Monoclonal antibody therapy

Monoclonal antibody therapy is the use of monoclonal antibodies (or mAb) to specifically target cells.

The main objective is stimulating the patient’s immune system to attack the malignant tumor cells and the prevention of tumor growth by blocking specific cell receptors.

Variations exist within this treatment, e.g.radioimmunotherapy a radioactive dose directly to the target cell, and lethal chemical doses to the target. Structure and function of human and therapeutic antibodies Immunoglobulin G (IgG) antibodies are large heterodimeric molecules, approximately 150 kDa and are composed of two different kinds of polypeptide chain, called the heavy (~50kDa) and the light chain (~25kDa).

There are two types of light chains, kappa (κ) and lambda (λ).

By cleavage with enzyme papain, the Fab (fragment-antigen binding) part can be separated from the Fc (fragment crystalline) part of the molecule. The Fab fragments contain the variable domains, which consist of three hypervariable amino acid domains responsible for the antibody specificity embedded into constant regions.

There are four known IgG subclasses all of which are involved in Antibody-dependent cellular cytotoxicity. The immune system responds to the environmental factors it encounters on the basis of discrimination between self and non-self.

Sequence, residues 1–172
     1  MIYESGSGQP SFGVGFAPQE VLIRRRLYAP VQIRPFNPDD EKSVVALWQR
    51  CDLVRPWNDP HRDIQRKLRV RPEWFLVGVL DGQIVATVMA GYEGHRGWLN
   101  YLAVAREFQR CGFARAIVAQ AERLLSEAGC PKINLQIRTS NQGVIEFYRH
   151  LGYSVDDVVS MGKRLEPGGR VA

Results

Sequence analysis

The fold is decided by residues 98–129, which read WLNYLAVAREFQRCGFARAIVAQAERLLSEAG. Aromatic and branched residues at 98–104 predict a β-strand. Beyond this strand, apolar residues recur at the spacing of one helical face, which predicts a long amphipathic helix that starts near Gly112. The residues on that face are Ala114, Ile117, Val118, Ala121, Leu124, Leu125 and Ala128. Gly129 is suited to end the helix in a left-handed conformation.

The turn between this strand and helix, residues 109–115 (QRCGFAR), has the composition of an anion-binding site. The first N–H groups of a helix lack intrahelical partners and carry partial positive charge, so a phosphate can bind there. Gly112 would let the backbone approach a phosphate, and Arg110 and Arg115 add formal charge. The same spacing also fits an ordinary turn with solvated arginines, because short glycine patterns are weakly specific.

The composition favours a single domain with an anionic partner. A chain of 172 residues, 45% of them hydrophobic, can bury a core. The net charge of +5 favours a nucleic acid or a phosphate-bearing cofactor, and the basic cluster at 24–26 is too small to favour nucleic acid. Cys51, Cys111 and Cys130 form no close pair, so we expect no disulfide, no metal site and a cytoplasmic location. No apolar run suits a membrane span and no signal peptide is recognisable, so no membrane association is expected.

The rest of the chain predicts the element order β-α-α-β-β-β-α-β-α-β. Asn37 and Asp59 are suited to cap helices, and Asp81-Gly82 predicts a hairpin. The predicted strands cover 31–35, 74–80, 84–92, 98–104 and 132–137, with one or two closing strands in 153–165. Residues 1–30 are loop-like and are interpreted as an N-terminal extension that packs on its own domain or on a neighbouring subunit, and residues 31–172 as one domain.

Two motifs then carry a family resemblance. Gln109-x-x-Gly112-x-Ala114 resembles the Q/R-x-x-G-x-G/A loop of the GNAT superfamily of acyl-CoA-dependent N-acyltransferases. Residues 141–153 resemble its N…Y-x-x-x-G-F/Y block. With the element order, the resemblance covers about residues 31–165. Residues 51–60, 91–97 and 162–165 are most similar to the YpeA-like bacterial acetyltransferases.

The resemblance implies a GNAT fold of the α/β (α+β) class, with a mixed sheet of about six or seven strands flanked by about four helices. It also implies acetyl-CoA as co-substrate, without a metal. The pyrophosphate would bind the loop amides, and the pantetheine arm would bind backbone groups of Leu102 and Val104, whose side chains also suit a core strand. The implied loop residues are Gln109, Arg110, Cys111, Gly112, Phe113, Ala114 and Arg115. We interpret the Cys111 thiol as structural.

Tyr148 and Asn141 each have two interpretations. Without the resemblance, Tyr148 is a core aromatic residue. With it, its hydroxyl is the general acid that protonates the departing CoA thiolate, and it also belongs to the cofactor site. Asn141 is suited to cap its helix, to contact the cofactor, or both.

Tumor cells are not specifically targeted by one’s immune system since tumor cells are the patient’s own cells.
Tumor cells, however are highly abnormal, and many display unusual antigens that are either inappropriate for the cell type, its environment, or are only normally present during the organisms’ development (e.g.fetal antigens). Other tumor cells display cell surface receptors that are rare or absent on the surfaces of healthy cells, and which are responsible for activating cellular signal transduction pathways that cause the unregulated growth and division of the tumor cell.

Examples include ErbB2, a constitutively active cell surface receptor that is produced at abnormally high levels on the surface of approximately 30% of breast cancer tumor cells. Such breast cancer is known a HER2 positive breast cancer. Antibodies are a key component of the adaptive immune response, playing a central role in both in the recognition of foreign antigens and the stimulation of an immune response to them. The advent of monoclonal antibody technology has made it possible to raise antibodies against specific antigens presented on the surfaces of tumors.